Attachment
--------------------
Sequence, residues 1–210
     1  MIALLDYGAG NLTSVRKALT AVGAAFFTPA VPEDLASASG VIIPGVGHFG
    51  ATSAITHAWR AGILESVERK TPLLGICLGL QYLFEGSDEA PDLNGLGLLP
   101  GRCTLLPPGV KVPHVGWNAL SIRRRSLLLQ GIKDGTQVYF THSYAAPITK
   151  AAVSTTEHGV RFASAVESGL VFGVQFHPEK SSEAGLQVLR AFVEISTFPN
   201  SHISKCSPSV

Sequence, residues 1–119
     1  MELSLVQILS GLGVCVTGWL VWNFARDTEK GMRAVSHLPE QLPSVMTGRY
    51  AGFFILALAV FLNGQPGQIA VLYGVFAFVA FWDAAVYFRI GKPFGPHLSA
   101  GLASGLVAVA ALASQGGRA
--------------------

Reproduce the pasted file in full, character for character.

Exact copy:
Sequence, residues 1–210
     1  MIALLDYGAG NLTSVRKALT AVGAAFFTPA VPEDLASASG VIIPGVGHFG
    51  ATSAITHAWR AGILESVERK TPLLGICLGL QYLFEGSDEA PDLNGLGLLP
   101  GRCTLLPPGV KVPHVGWNAL SIRRRSLLLQ GIKDGTQVYF THSYAAPITK
   151  AAVSTTEHGV RFASAVESGL VFGVQFHPEK SSEAGLQVLR AFVEISTFPN
   201  SHISKCSPSV

Sequence, residues 1–119
     1  MELSLVQILS GLGVCVTGWL VWNFARDTEK GMRAVSHLPE QLPSVMTGRY
    51  AGFFILALAV FLNGQPGQIA VLYGVFAFVA FWDAAVYFRI GKPFGPHLSA
   101  GLASGLVAVA ALASQGGRA